On a serious and very sad note, Mr Jelly’s retirement from the front page of WobblyWilliams is imminent. I have long felt concerned that we couldn’t use him as we wished due to the fact we didn’t own him!!! As soon as the new charity (FundingNeuro) is registered, we will be revealing a new brand and a new look to the four arms of our little empire; WobblyWilliams, The TryAthletes, FundingNeuro and the WobblyWilliams Shop. It will be sad to open up a WobblyWilliams and not see the vibrating Mr J.  However, Mr Jelly will be talking a new role as Head of Events so he won’t be gone forever.

 

I fly to Bristol on Monday for a meeting with Steven Gill, the neurologist who appeared to successfully deliver GDNF at the turn of the century to discuss the developments in his work and the progress towards human trials of his delivery system for chemotherapy and GDNF.  On Tuesday I am visiting Parkinson’s UK for the first time. I want to get an idea of how their change in emphasis towards looking at cure has actually manifested itself. There is an opportunity to promote that change in emphasis and work with other members to place a cure front and central of that organisation’s goals.  I would like to be part of it.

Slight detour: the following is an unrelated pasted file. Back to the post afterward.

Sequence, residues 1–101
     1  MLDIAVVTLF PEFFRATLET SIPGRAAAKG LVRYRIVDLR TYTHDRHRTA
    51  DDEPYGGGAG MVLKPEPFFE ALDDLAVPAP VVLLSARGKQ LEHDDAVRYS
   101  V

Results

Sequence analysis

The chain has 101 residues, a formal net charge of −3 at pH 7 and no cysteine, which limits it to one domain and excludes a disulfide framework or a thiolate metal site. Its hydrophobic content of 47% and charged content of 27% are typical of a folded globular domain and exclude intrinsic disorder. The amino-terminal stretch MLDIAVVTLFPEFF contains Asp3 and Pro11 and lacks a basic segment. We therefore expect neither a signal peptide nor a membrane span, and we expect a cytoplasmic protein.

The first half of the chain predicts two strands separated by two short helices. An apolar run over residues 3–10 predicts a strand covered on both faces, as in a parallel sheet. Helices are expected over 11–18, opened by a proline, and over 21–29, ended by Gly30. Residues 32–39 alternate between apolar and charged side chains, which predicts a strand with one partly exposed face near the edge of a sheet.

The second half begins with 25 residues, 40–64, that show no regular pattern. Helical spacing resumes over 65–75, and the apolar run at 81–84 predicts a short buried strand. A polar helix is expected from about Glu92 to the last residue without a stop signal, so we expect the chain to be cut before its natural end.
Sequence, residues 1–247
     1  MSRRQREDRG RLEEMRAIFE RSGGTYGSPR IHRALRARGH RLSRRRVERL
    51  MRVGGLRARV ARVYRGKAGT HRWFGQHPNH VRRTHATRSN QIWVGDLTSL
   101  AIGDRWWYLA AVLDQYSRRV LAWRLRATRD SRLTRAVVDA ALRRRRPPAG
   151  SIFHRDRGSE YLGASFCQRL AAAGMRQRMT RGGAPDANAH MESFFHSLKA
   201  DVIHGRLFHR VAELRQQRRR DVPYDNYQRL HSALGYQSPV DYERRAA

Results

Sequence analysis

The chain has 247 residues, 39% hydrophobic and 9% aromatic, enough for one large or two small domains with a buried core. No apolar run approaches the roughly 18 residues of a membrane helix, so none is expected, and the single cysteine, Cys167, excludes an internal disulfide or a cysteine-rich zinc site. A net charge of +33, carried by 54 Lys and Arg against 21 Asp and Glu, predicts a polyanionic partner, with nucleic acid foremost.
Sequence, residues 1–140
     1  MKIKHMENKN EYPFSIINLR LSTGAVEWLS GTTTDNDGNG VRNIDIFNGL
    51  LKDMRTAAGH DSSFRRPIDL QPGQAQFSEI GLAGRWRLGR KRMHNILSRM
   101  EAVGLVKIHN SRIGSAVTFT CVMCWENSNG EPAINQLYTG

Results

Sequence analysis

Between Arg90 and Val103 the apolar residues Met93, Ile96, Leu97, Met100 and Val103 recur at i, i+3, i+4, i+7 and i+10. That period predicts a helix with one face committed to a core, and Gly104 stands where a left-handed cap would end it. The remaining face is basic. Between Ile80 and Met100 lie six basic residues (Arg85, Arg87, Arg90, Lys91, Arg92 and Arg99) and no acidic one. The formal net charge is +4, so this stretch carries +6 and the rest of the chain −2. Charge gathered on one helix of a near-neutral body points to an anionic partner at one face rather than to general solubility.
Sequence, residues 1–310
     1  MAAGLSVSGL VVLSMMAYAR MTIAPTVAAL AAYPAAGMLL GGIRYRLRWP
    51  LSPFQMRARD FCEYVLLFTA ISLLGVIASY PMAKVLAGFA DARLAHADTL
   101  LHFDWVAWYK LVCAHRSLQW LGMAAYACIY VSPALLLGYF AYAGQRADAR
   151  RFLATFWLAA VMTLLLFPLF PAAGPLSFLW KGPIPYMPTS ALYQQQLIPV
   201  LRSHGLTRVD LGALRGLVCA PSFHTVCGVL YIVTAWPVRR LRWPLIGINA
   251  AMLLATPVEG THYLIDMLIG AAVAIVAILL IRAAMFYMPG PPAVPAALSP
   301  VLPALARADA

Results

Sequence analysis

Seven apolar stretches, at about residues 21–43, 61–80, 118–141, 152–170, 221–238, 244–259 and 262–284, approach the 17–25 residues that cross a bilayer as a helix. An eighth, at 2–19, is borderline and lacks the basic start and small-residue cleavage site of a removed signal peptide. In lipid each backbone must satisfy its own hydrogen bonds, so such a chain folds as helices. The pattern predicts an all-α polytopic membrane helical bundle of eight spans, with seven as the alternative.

I started a course in stand-up comedy last Wednesday.  To graduate you have to perform a five-minute routine at a Glasgow comedy club.  The course is very challenging and makes me feel quite uncomfortable, I am very much of the view that if you have to attend a course in stand-up comedy then you shouldn’t be allowed to be a stand-up comedian.  A bit like the view that anybody who wants to be a politician should be barred from doing so.  However, I see stand-up as the most extreme form of public speaking and anything I learn from the class will help me in the more regular sort of speaking that I do.

 

As I said earlier, the running season is back.  It is wonderful to be getting up at five o’clock on a Saturday morning to eat porridge so I can start a two-hour run on icy paths.  The year stretches ahead of me like a great opportunity to see more of the world on foot.